The Big Stamp Duty Tax Debate

It’s come to our attention that some of the country’s most popular newspaper publications are supporting the campaign to reform the current stamp duty tax system — recently being discussed within Parliament.

Many MPs and property experts are claiming the £1 billion a month claim is preventing effective recovery of the economy, and a rise in threshold could significantly boost the housing market. Questions are also being raised over the introduction of the Help To Buy scheme, and why the stamp duty tax system hasn’t been addressed with the same support.

The campaign follows a major surge in property prices, meaning households liable for stamp duty has more than doubled in the past decade. Within the next 3 years, official figures claim tax will need to be paid on around half of all homes, and is set to fluctuate to 80% of homes by 2018.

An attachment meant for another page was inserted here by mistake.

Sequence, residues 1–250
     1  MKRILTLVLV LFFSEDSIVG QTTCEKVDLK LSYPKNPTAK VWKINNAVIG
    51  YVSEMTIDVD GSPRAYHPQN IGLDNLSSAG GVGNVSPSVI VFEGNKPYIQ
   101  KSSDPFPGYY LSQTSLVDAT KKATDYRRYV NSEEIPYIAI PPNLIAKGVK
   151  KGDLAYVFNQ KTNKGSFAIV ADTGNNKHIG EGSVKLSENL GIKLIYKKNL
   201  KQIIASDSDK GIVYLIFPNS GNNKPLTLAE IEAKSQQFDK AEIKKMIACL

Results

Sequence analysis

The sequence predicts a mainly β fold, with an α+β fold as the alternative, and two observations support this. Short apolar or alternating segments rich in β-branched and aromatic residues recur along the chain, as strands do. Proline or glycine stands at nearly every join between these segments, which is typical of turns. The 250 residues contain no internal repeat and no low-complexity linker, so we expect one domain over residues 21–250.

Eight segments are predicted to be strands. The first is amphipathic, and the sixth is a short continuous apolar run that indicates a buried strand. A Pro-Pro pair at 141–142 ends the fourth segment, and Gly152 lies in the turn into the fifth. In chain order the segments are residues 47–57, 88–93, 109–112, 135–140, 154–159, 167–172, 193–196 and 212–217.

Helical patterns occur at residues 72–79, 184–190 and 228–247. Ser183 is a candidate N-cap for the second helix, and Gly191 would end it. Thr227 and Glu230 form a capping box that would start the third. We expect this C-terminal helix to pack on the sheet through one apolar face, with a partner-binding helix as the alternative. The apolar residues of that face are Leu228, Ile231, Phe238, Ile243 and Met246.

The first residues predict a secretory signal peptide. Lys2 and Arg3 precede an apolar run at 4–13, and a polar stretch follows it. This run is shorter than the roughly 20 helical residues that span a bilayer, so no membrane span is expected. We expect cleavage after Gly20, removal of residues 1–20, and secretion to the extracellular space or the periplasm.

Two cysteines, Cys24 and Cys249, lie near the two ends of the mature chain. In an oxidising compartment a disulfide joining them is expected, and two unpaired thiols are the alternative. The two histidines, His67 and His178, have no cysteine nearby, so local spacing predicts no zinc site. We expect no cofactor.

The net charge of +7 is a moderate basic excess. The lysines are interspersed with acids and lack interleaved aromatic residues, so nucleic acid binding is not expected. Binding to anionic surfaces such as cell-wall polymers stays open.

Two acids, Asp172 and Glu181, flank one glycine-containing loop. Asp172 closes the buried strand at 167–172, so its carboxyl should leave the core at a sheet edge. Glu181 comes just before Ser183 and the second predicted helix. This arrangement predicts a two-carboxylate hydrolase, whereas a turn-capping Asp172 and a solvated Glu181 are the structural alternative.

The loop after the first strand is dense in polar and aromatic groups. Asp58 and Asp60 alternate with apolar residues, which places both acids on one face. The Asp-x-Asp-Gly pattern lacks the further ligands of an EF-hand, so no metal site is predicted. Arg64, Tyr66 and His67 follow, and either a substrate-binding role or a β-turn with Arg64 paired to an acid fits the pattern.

Recent figures have also shown more properties than ever are within the 3% tax bracket (worth over £500,000) and transactions exempt from stamp duty has halved since 2000.

In order to make a real difference, Chancellor George Osborne should plan to raise the stamp duty tax threshold from £125,000 to £500,000, ensuring only the wealthiest homeowners are liable.

Titled “mansion tax” by MPs, Liberal Democrats and Labour are the only parties promising to include the additional threshold, and apply an inflated tax percentage on homes over £2 million.

Conservatives have unsurprisingly been blaming the inherited tax regime from the previous Labour government, claiming unreformed thresholds have been pulling middle-income households into the tax net.

If stamp duty had remained in line with the house price surge, the current 3% tax bracket is estimated to have only be applied to homes worth over £1.3 million.

According to official figures from the Office for Budget Responsibility, if the current rates continue, treasury revenue from stamp duty is set to more than treble, to over £18 billion over the next decade.

Today's Conveyancer